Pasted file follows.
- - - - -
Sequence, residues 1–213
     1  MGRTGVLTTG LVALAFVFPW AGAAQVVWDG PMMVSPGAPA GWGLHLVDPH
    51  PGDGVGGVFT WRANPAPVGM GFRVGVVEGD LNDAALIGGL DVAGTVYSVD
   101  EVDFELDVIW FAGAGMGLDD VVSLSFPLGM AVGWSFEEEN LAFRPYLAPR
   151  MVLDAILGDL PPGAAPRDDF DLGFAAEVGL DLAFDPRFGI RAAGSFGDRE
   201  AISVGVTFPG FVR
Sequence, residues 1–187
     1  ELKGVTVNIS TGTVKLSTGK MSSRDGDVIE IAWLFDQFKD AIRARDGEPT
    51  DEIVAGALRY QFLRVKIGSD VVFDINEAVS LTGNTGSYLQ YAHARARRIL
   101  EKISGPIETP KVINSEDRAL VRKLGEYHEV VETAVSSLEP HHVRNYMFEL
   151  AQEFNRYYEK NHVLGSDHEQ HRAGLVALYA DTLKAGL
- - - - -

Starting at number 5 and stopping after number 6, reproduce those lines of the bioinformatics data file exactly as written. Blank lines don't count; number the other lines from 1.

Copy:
   151  MVLDAILGDL PPGAAPRDDF DLGFAAEVGL DLAFDPRFGI RAAGSFGDRE
   201  AISVGVTFPG FVR